But what happens when none of that feels possible? Most new moms are left to wonder if there’s something wrong with them. But I firmly believe that these feelings of grief are ok to process through. I’m content with where I am right now. But I’m also looking forward to growing into the mother I know I can be. And I’m ready to take this journey one baby step at a time.
https://firstthings.org/wp-content/uploads/2021/07/Untitled-4-01.png5001200Caroline Henryhttps://firstthings.org/wp-content/uploads/2020/01/ftf-logo-300x186.pngCaroline Henry2021-07-28 15:22:242021-07-29 09:36:08When Motherhood Isn’t What You Thought It Would Be
Teens experienced a lot of stress during the first round of the COVID-19 pandemic. They switched to virtual learning. They were isolated from friends. Sports got canceled. Celebrations were delayed or just didn’t happen. All these things had a significant impact.1 We thought it would all be over by now. And it looks like it is all on the verge of happening again. And it looks like it is all on the verge of happening again.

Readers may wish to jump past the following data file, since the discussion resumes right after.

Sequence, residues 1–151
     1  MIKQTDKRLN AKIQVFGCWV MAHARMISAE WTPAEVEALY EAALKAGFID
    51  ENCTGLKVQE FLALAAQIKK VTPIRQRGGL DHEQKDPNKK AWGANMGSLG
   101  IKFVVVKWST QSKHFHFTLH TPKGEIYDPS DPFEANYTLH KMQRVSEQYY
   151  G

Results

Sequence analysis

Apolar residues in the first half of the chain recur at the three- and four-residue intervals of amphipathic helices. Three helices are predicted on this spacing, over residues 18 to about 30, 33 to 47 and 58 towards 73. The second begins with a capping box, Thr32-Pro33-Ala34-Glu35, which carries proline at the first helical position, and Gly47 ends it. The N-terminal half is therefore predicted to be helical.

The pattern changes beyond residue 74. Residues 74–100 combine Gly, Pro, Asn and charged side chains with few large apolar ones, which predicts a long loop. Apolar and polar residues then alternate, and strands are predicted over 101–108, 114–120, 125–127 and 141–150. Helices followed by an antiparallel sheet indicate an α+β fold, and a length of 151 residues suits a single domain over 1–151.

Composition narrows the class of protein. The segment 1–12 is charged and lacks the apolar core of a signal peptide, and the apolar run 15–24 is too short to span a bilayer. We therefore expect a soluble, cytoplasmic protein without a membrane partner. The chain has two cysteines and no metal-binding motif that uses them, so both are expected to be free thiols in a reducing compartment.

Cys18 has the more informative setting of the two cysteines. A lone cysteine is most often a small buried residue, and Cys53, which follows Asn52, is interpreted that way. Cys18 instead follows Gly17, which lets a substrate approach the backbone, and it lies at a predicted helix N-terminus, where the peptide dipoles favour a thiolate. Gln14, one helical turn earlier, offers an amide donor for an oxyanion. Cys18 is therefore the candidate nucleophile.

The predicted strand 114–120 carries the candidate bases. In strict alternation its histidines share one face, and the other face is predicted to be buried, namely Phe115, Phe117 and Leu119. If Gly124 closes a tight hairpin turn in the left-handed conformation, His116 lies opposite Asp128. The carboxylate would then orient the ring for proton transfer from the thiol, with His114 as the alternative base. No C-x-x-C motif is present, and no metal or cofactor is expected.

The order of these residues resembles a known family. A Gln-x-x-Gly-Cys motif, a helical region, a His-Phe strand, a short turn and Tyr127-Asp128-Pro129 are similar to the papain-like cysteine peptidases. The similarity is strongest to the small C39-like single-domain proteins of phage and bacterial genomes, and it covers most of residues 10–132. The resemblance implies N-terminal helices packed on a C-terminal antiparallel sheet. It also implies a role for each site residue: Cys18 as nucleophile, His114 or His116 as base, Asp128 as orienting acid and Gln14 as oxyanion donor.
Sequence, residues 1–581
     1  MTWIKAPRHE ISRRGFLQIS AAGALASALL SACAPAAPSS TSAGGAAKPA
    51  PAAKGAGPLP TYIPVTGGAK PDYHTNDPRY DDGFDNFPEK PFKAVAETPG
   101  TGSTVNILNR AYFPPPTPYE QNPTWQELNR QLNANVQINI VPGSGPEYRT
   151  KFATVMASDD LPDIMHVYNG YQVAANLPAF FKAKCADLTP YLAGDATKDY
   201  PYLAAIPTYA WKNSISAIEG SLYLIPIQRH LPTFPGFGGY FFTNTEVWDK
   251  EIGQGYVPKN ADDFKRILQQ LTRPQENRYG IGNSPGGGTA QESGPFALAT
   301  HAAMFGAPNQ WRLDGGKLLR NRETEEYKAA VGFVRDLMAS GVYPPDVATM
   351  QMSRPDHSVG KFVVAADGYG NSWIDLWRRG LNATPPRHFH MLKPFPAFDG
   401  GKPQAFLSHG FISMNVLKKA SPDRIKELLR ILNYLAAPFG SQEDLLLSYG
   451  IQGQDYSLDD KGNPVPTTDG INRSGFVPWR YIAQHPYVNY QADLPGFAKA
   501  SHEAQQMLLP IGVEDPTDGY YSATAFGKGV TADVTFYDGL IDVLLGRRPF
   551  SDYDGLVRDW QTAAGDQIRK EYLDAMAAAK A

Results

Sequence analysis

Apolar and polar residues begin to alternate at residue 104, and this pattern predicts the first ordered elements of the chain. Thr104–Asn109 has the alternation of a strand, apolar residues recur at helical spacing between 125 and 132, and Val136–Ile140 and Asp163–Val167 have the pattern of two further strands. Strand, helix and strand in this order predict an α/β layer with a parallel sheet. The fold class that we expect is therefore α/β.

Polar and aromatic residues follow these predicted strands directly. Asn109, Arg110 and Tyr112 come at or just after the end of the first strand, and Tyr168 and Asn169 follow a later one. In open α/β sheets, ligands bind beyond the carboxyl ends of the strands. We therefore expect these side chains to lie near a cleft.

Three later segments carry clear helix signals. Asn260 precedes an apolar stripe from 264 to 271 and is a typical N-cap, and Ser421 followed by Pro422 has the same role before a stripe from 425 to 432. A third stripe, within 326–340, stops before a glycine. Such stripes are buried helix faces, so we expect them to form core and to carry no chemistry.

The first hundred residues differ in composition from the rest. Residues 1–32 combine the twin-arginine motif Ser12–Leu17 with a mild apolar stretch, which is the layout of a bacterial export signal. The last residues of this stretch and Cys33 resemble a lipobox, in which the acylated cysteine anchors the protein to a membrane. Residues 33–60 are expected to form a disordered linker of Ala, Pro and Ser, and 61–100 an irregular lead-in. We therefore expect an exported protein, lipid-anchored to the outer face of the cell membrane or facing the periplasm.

After COVID seemed to come to an end, many teens started experiencing symptoms of what scientists and doctors are calling “post-pandemic anxiety syndrome.” Yep, it’s a thing.
This syndrome is marked by an overwhelming sense of worry during this post-pandemic/repeat period. For some, the anxiety may stem from a lingering uncertainty about safety. Is the virus still a threat? Are we sure I can take this mask off? Am I still in danger? Should I put the mask back on?
For others, the cause of anxiety seems to be a product of flip-flop thinking. We know that our brains can train themselves to think in a certain way.2 Your teen has had over a year to adjust to new and sudden precautions, rules of social distancing, and risk management during extreme uncertainty.